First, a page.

Monsoonal flooding across Southern Asia kills hundreds and incurs multi-billion economic loss
According to reports, more than 467 people have been killed this season in India and many thousands of acres of cropland were destroyed. The states of Assam, Bihar, Maharashtra and Uttar Pradesh were among the worst affected. Economic losses were expected to reach well into millions of U.S. dollars with significant costs to agriculture and infrastructure
Total economic losses, largely flood-driven, were expected to exceed US$600 million, while public and private insurers paid out nearly US$300 million, said Aon in its latest edition of its monthly Global Catastrophe Recap report, which evaluates the impact of the natural disaster events.
Hurricane Barry made landfall in Louisiana during July, establishing a new state record for the highest hurricane-induced rainfall of 16.59 inches in Arkansas, the report said, noting that five states have now set new hurricane-related rainfall records since 2017 alone: Texas, Hawaii, North Carolina, South Carolina, and Arkansas.
The National Oceanic and Atmospheric Administration (NOAA) has issued its August forecast for the 2019 Atlantic Hurricane Season. Forecasters within the U.S. governmental agency are forecasting 10-17 named storms, 5-9 hurricanes and 2-4 major hurricanes (Category 3+) during the season. This includes the two storms (Andrea and Barry) which already occurred and is a slight increase from the initial projection released in May.
Turning to other global events during July, Aon said that monsoonal flooding across Southern Asia killed hundreds, flooding an estimated 600,000 homes in Bangladesh. These floods incurred a notable economic loss.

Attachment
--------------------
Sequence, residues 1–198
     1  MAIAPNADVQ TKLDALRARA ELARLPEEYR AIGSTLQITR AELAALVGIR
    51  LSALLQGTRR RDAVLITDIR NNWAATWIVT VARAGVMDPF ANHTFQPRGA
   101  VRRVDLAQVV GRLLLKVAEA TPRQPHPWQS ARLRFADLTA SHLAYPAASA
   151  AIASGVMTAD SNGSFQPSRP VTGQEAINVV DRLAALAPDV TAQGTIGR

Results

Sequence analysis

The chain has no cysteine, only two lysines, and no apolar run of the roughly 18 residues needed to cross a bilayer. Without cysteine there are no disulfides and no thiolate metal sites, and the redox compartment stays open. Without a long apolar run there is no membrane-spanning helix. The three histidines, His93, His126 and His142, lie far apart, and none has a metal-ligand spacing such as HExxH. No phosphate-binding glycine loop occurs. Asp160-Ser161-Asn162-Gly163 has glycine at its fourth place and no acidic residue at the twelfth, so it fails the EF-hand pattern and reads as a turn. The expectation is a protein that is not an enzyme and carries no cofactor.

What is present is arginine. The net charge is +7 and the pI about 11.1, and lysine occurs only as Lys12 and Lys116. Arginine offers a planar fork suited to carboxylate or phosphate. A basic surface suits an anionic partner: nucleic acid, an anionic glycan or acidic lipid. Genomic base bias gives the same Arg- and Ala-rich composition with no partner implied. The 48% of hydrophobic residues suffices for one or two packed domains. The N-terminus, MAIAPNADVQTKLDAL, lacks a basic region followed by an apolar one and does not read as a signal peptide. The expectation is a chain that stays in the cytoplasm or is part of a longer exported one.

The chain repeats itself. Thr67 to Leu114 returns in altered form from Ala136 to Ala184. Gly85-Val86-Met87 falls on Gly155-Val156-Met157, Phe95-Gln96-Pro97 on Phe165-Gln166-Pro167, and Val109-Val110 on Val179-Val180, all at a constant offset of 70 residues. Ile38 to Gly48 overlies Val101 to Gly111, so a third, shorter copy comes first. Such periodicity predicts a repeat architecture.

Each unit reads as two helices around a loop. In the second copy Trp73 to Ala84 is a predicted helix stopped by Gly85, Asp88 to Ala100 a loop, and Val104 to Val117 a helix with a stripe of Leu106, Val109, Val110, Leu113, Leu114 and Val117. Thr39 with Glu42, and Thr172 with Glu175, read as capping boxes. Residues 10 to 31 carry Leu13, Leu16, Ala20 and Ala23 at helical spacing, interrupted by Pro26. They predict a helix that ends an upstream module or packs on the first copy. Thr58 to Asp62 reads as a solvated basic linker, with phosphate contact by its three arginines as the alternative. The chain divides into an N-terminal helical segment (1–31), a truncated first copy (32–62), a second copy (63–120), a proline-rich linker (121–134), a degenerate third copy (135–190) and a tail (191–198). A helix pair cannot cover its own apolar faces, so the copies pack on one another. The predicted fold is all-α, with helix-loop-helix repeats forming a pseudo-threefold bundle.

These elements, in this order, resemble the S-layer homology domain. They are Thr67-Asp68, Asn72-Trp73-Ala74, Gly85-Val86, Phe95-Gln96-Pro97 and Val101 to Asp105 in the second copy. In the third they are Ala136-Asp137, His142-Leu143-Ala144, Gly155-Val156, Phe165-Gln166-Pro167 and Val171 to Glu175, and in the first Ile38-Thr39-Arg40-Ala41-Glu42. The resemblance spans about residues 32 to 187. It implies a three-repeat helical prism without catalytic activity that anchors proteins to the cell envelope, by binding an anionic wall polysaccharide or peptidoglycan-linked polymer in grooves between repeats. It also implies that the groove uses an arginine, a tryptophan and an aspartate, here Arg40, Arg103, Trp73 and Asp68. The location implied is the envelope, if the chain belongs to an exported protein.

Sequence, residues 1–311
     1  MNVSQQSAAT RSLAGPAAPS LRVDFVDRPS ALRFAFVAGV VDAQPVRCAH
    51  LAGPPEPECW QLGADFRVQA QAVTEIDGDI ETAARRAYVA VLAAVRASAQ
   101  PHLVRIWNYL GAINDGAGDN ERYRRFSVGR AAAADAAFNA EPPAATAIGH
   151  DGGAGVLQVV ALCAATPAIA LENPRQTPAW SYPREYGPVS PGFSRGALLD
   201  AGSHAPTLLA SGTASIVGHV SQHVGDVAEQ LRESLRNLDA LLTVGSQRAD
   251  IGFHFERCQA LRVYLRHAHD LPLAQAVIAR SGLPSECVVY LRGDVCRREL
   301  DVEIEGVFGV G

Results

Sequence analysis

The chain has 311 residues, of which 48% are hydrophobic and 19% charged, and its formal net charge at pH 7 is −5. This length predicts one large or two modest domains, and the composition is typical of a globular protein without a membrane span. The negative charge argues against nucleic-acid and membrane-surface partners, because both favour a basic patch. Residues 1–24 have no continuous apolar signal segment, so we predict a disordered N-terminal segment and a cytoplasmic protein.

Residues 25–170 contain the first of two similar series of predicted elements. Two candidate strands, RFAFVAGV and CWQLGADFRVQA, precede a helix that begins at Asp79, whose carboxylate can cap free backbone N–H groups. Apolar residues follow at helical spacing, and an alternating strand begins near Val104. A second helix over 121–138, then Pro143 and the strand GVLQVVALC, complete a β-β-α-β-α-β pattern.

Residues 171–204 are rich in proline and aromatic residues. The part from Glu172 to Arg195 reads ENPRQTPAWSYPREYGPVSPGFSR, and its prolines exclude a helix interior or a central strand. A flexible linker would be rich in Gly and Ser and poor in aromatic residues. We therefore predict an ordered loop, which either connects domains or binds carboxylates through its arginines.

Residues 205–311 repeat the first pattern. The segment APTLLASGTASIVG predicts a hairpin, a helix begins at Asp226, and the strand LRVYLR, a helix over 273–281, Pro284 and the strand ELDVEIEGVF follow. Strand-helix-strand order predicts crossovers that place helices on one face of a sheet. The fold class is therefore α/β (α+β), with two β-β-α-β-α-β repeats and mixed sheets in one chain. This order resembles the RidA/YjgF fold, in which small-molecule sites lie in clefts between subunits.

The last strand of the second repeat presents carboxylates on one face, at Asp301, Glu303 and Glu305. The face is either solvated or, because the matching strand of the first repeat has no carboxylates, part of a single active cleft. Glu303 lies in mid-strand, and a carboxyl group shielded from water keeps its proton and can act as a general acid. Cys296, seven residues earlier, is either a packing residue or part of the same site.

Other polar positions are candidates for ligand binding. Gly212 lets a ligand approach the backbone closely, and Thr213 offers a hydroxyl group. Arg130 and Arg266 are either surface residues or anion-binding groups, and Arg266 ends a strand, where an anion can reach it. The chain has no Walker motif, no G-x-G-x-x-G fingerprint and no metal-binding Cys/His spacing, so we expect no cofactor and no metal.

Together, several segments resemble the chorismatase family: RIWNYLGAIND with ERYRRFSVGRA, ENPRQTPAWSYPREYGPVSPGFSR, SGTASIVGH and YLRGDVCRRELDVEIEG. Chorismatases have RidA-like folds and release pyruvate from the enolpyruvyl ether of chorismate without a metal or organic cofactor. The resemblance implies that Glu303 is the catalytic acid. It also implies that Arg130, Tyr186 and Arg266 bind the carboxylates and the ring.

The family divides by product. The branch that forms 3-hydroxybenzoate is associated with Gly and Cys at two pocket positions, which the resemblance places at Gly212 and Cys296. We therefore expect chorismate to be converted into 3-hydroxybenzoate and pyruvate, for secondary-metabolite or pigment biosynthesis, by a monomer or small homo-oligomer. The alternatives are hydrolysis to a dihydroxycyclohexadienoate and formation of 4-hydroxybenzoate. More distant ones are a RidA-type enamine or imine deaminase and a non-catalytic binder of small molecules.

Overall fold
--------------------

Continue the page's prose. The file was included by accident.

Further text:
According to reports, more than 467 people have been killed this season in India and many thousands of acres of cropland were destroyed. The states of Assam, Bihar, Maharashtra and Uttar Pradesh were among the worst affected. Economic losses were expected to reach well into millions of U.S. dollars with significant costs to agriculture and infrastructure.
Seasonal rainfall associated with the Mei-yu frontal boundary brought additional flooding across southern sections of China within the Yangtze River Basin and northern China in July. At least 112 people were left dead or missing across the provincial regions of Jiangxi, Hunan, Guangxi, Fujian, Zhejiang, Chongqing, Guizhou, and Heilongjiang.
Data from China’s Ministry of Emergency Management cited that 26,000 homes were destroyed, and 195,000 hectares (482,000 acres) of cropland was damaged. Total economic losses during this time exceeded CNY47 billion (USD6.8 billion). The seasonal combined economic flood cost rose to roughly USD12 billion.
Another record-breaking heatwave hit multiple European countries at the end of July, a month after the first wave of record heat in June. Five countries recorded all-time national highs – Germany, Netherlands, Belgium, Luxembourg and United Kingdom. Extreme heat, coupled with relatively low rainfall in some regions, caused notable health impacts and likely affected multiple economic sectors.
“The summer of 2019 has thus far highlighted several meteorological and climatological hazards across the Northern Hemisphere and further exposed humanitarian vulnerabilities,” said Steve Bowen, Meteorologist and head of Catastrophe Insight within Aon’s Impact Forecasting team.
“Parts of Europe and the Arctic have endured record-breaking heat which has resulted in an accelerated seasonal decline of polar sea ice, exacerbated wildfires and enhanced drought conditions,” he said. “At the same time, seasonal flooding across Asia has affected millions of people.”
He said issue of climate resilience becomes even more important, “as we continue to face further population and exposure growth in regions, which are among the most at-risk as climate conditions evolve…”